I built an empire from scratch—here’s how to avoid the mistakes that plague start-ups.
So many entrepreneurs are unable to get the traction they need to grow. As someone who’s scaled multiple 8-figure companies and salvaged dozens of others, I’m often asked about how to scale and go big. Here’s my advice.
Every thriving company in my investment portfolio is the result of a series of small adjustments that make the difference between bankrupt and billion-dollar enterprises. Businesses, and especially start-ups, are not set it and forget it. The environment surrounding your business is always changing. The economy shifts, competitors enter the market, technology evolves, employees come and go. Something is always shifting.
To scale a company with stability requires you to make hard choices and act swiftly. Look at the systems you have in place and make tweaks all the time. If something isn’t working to your advantage, don’t wait to fix it later—do it now. Be proactive instead of reactive .
It’s as simple as ABC - Always Be Consuming! Knowledge keeps your mission on track. You have to research both the problems and opportunities in your business consistently. You have to have more conversations with people and figure out how they are succeeding. Your network does indeed equal your net worth. Entrepreneurs fall into the trap of, “I’m busy running my business and don’t have time to consume more.” I say it all the time, while everyone takes off for the weekend, those of us who refuse to be average use that time to grind out success an extra minute at a time. I promise you that upgrading your education and high-ticket skills will help market-proof your business.
Profit depends on a simple formula: revenue minus expenses. If you’re new to business, you may think the only way to increase profit is to sell more or cut costs, like payroll. There are many more ways to consider it.
I can go on and on. Grab your profit and loss statement and triage the list of expenses with an eye toward turning them into a profit center. Every profit penny counts.
Great passion does not equal a great business. Over 50% of start-ups fail because they shouldn’t have been in business in the first place. Companies don’t run on passion; they run on profit. (Although I do personally try and find a balance or some harmony of both.)
If you’re looking at creating a start-up or running one already, you have to be able to honestly evaluate if it is a viable business or a glorified job. Do you have a fantastic product or service? Do you have multiple ways to attract paying customers? Are you able to double the revenue without doubling payroll expenses? Are the operating costs in line with profit potential? Do you know what your customer acquisition cost actually runs? These are just a few questions you need to evaluate the answers to and be real about your business.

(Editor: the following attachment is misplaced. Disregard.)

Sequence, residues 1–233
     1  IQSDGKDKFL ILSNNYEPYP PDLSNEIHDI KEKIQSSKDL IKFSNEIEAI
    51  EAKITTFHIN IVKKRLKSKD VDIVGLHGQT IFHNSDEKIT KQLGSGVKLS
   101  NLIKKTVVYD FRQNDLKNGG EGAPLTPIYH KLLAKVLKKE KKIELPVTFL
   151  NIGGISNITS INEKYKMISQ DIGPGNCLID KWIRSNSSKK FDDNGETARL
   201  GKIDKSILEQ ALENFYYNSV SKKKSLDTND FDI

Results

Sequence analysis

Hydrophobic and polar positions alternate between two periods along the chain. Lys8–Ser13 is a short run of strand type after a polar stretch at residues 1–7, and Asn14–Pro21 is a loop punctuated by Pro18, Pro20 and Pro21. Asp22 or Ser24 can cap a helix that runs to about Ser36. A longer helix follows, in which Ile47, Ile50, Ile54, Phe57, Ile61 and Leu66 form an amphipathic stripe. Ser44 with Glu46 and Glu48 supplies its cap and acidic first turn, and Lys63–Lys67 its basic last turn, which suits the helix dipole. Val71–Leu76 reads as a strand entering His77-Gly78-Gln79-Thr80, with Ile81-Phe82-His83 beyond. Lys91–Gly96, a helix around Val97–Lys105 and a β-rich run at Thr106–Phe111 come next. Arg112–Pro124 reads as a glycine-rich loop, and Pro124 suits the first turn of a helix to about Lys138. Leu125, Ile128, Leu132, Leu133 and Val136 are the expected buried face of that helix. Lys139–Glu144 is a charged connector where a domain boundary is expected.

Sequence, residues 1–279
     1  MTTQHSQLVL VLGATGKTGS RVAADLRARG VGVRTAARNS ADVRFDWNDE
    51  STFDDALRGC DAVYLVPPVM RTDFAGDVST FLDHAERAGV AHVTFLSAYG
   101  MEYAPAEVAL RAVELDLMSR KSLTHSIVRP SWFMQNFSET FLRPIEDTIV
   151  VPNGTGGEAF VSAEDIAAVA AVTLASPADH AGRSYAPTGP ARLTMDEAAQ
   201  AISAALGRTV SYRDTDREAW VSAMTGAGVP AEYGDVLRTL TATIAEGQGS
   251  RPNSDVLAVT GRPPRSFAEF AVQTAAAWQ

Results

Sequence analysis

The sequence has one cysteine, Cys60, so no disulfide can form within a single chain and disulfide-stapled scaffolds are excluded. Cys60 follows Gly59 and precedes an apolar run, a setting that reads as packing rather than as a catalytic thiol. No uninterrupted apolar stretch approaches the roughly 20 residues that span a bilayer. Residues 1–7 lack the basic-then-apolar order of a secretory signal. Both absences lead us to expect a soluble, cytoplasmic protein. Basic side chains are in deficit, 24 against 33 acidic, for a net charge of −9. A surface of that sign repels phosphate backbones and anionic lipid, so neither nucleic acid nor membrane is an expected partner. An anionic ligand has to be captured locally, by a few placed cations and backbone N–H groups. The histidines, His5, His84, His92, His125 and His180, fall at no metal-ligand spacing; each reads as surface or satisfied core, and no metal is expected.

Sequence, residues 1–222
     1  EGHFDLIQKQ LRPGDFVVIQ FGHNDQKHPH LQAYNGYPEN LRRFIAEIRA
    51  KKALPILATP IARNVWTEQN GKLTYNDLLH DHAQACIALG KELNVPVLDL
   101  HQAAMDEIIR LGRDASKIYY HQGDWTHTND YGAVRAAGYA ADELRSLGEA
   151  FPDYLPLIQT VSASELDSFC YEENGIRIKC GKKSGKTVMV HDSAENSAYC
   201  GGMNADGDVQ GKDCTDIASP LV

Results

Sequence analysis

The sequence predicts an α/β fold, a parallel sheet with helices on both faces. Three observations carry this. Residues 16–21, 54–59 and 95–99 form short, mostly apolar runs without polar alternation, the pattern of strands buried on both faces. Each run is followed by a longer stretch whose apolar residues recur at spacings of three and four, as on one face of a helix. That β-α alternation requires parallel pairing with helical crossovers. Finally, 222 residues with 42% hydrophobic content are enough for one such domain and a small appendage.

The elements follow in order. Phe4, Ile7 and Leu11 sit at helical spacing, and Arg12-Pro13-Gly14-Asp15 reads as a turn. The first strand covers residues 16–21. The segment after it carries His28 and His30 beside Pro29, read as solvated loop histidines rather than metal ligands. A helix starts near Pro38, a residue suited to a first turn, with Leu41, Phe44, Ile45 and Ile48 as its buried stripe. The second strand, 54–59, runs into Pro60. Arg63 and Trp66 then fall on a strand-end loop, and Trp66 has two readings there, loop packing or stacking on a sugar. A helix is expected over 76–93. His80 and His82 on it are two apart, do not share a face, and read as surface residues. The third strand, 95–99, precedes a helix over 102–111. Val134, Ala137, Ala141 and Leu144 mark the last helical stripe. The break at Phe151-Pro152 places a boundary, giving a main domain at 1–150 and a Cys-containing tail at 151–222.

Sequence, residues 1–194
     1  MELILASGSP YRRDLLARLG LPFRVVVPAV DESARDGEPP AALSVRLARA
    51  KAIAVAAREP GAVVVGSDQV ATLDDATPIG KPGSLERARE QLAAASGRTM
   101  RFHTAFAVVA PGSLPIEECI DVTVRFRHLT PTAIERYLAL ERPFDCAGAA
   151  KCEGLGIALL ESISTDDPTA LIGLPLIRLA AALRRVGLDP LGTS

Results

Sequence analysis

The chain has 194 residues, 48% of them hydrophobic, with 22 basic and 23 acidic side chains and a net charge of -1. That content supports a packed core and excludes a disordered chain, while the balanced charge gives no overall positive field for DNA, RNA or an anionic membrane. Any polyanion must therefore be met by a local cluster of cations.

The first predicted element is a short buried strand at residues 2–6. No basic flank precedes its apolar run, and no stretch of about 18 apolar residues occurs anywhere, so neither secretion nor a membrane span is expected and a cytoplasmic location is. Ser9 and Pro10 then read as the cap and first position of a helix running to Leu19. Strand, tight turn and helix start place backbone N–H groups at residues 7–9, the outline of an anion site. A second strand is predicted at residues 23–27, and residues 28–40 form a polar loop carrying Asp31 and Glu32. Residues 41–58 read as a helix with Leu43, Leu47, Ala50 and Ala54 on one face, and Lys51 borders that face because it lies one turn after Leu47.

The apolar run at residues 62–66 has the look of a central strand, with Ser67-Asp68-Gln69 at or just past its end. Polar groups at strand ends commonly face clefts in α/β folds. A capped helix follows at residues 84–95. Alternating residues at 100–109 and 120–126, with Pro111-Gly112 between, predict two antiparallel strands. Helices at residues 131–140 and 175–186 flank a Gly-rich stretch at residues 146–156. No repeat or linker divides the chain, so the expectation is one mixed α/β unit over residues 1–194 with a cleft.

My favorite line is, “Data doesn’t lie—people lie, and especially to themselves.” Many people lead with their hearts instead of the numbers and then make excuses (or claim burnout) when things don’t pan out. When you know your numbers, everything becomes crystal-clear: who your audience is and where your focus needs to be. Get good with spreadsheets and financial statements so you can properly evaluate opportunities in your business.
Here’s my hard truth: As a CEO, you don’t deserve profit until everyone around you is it taken care of first. Running a business means you are building a micro-community of employees and vendors dedicated to scaling your dream. If your business fails, your micro-community gets hurt.
Too many entrepreneurs recognize flaws in their business models but don’t like the uncomfortable actions required to solve them, such as laying off staff or overcoming their own laziness. Instead, they avoid the difficult thing until the situation blows up. So how do you become responsible? Make sure the company has longevity by learning about the tax laws and building a tax strategy, implementing data-driven solutions, managing payroll against revenue, creating a system of accountability, and continuously developing your management skills.
The hard part of being an entrepreneur is not letting your ideas and passion override tackling your day-to-day operations. The most important thing is to reward those around you for their service before taking a bonus yourself.
Supercharging your business doesn’t happen overnight, but it can be a quicker process than you think—if you’re willing to dig deep and do the hard work starting now. The only thing stopping you…is you.
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